Democracy Gone Astray

Democracy, being a human construct, needs to be thought of as directionality rather than an object. As such, to understand it requires not so much a description of existing structures and/or other related phenomena but a declaration of intentionality.
This blog aims at creating labeled lists of published infringements of such intentionality, of points in time where democracy strays from its intended directionality. In addition to outright infringements, this blog also collects important contemporary information and/or discussions that impact our socio-political landscape.

All the posts here were published in the electronic media – main-stream as well as fringe, and maintain links to the original texts.

[NOTE: Due to changes I haven't caught on time in the blogging software, all of the 'Original Article' links were nullified between September 11, 2012 and December 11, 2012. My apologies.]

Monday, June 10, 2013

The Big Shrug

I’ve been in this economics business for a while. In fact, I’ve been in it so long I still remember what people considered normal in those long-ago days before the financial crisis. Normal, back then, meant an economy adding a million or more jobs each year, enough to keep up with the growth in the working-age population. Normal meant an unemployment rate not much above 5 percent, except for brief recessions. And while there was always some unemployment, normal meant very few people out of work for extended periods.

Prior NSA Whistleblower Warns Edward Snowden: Government Will Seek "Revenge and Retaliation"

Thomas Drake, a National Security Agency whistleblower who several years ago provided information to the press about fraud, waste, and privacy abuses at the super-secret spy agency and who was prosecuted for doing so, has a warning for Edward Snowden, the 29-year-old whistleblower who on Sunday outed himself as the source of the blockbuster leaks revealing two sweeping NSA surveillance programs. (The programs, as the Guardian and the Washington Post stories based on Snowden's leaks revealed, collected records of phone calls made by Americans and intercepted internet communications made by foreigners via US tech companies.) Drake says Snowden can expect to be targeted by the full force of the United States government. And Drake should know. The Justice Department pursued Drake fiercely, charging him with violating the Espionage Act—as if he had been a spy for a foreign power. Drake maintained that he had only conveyed unclassified information to a reporter. The government's case eventually fell apart, and it dropped the most serious charges. Drake accepted a deal, pleading guilty to a misdemeanor charge of misusing a computer. He served no prison time, but his career as a high-tech intelligence professional was over. Recently, he was working at an Apple store.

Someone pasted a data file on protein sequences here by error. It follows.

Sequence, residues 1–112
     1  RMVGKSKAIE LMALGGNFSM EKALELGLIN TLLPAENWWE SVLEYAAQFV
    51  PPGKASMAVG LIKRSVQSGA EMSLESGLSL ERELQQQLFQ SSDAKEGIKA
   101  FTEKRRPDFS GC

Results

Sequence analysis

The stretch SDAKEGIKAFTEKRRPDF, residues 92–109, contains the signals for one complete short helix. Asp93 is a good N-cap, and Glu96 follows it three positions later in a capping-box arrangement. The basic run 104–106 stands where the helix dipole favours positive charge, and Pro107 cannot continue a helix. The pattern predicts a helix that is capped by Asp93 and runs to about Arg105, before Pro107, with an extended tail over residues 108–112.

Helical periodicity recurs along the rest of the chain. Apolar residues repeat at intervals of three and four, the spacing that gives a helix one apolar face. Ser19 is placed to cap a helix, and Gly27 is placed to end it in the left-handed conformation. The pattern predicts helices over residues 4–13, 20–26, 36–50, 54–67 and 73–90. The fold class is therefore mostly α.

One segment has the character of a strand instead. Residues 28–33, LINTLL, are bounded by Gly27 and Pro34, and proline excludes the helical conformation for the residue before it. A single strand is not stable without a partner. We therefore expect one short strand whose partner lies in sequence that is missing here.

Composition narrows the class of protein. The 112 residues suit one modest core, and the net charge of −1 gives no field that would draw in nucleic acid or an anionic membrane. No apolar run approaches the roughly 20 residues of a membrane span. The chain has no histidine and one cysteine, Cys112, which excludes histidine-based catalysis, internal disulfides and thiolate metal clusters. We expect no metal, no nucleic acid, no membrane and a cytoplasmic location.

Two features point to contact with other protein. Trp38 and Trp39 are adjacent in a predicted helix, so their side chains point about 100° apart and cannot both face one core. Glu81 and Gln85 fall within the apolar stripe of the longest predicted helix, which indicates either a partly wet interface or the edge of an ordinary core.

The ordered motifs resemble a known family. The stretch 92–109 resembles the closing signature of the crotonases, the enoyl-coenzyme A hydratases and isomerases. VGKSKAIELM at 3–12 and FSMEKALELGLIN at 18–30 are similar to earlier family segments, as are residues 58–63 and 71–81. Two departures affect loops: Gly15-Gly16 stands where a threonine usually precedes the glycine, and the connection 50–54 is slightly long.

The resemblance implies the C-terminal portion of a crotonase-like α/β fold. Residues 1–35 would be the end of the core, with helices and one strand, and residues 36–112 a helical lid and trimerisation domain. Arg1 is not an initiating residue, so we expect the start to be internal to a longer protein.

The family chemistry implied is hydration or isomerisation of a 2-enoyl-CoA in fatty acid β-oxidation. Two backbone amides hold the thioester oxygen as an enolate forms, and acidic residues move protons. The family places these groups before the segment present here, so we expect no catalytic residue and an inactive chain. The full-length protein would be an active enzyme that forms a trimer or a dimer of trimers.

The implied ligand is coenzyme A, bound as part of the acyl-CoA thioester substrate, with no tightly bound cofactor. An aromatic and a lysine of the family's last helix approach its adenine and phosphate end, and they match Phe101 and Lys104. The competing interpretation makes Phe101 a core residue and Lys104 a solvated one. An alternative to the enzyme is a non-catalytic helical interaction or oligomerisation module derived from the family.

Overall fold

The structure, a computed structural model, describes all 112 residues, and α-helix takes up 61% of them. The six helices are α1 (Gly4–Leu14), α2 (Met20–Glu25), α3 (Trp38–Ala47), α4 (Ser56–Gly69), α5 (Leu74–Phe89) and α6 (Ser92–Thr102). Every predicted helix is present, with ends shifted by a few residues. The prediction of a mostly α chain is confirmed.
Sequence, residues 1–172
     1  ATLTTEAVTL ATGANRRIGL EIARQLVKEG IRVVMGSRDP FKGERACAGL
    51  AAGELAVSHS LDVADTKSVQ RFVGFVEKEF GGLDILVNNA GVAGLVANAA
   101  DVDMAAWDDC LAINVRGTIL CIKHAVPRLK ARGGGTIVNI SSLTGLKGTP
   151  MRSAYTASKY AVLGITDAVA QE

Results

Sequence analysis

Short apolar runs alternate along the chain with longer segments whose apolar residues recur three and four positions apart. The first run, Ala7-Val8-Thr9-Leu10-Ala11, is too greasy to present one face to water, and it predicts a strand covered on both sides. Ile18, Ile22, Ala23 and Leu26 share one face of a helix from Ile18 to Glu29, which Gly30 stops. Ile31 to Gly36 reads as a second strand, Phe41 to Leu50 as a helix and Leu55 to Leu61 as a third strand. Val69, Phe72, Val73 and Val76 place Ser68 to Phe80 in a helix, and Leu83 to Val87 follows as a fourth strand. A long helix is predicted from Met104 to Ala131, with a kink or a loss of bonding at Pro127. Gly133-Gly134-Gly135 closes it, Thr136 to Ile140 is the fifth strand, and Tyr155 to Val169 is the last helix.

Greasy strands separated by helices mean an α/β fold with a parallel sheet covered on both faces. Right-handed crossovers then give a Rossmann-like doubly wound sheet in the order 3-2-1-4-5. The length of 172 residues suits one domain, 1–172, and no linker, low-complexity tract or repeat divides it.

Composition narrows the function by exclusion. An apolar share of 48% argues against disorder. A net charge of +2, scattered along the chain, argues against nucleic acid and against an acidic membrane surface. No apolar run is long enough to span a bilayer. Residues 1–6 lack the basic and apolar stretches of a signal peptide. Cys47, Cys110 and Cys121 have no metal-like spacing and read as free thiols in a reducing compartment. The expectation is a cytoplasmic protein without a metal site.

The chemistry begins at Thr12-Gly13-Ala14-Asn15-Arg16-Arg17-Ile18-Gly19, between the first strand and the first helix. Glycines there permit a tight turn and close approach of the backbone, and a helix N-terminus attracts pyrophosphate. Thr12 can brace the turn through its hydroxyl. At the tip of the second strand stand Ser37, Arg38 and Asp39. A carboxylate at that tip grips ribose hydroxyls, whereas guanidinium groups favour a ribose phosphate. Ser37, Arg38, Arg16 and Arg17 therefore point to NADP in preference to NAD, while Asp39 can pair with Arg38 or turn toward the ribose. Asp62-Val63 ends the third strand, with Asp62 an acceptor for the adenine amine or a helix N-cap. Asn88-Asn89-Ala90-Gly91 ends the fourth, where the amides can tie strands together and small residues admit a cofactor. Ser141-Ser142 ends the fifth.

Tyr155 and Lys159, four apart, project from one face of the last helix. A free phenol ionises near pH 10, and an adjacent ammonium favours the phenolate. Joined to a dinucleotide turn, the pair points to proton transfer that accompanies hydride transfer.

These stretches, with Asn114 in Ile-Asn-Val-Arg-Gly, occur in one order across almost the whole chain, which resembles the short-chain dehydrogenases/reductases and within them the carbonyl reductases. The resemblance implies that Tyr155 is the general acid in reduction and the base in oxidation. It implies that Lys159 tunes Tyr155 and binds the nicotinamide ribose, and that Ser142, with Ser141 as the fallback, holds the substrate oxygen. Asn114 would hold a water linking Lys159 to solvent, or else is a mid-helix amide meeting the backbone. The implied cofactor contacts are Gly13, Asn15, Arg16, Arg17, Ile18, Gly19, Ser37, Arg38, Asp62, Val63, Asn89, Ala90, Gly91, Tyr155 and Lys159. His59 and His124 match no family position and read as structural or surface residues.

Flood Insurance Costs May Soar For Hardest-Hit Sandy Victims

TOMS RIVER, N.J. -- George Kasimos has almost finished repairing flood damage to his waterfront home, but his Superstorm Sandy nightmare is far from over.

Like thousands of others in the hardest-hit coastal stretches of New Jersey and New York, his life is in limbo as he waits to see if tough new coastal rebuilding rules make it just too expensive for him to stay.

Trudeau defends Sen. Mac Harb in Senate spending scandal

OTTAWA – Beleaguered Sen. Mac Harb will have a place back in the Liberal caucus, so long as he pays his dues once an investigation into his expense claims wraps up, Liberal leader Justin Trudeau says.

Harb resigned from the Liberal caucus last month after an independent audit found he wrongly collected $51,500 in Senate housing allowances. He consequently hired a lawyer, determined to fight the finding in court. Meanwhile, Harb could be asked to repay thousands beyond the initial assessment as the spending review stretches farther into his past.

First Nations will decide pipeline's fate

Just a few weeks ago, proponents of pipelines between the Prairies and the West Coast were preparing for the worst. Adrian Dix, the apparently victory-bound leader of the B.C. NDP, had already declared Enbridge's Northern Gateway would be dead on his watch and, mid-election, pronounced a similar sentence on Kinder Morgan's Trans Mountain pipeline expansion plans.

The subsequent Liberal upset victory, which many analysts attribute to the NDP's fervent opposition to wealth-creating pipelines, has given the Northern Gateway project a partial reprieve. But despite strong federal backing, the project hangs by a thread.

Senate spending scandal an unthinkable moment for distinguished journalist and parliamentarian Pamela Wallin

OTTAWA — Anyone aware of Pamela Wallin’s impressive career trajectory from Parliament Hill reporter to parliamentarian would know why being caught up in the Red Chamber spending scandal is a particularly difficult moment — an unthinkable one even — in the life of the 60-year-old senator from Saskatchewan.

While Wallin’s had some setbacks, most notably her high-profile ouster from the co-anchor post at CBC’s main national news program in 1995, she possesses a C.V. studded with achievements from her 30 years as an award-winning journalist and subsequent decade as a diplomat, university chancellor, corporate director and all-around symbol of professional success and distinguished public service.

Canada slammed for lagging behind in fighting tax evasion as G8 summit looms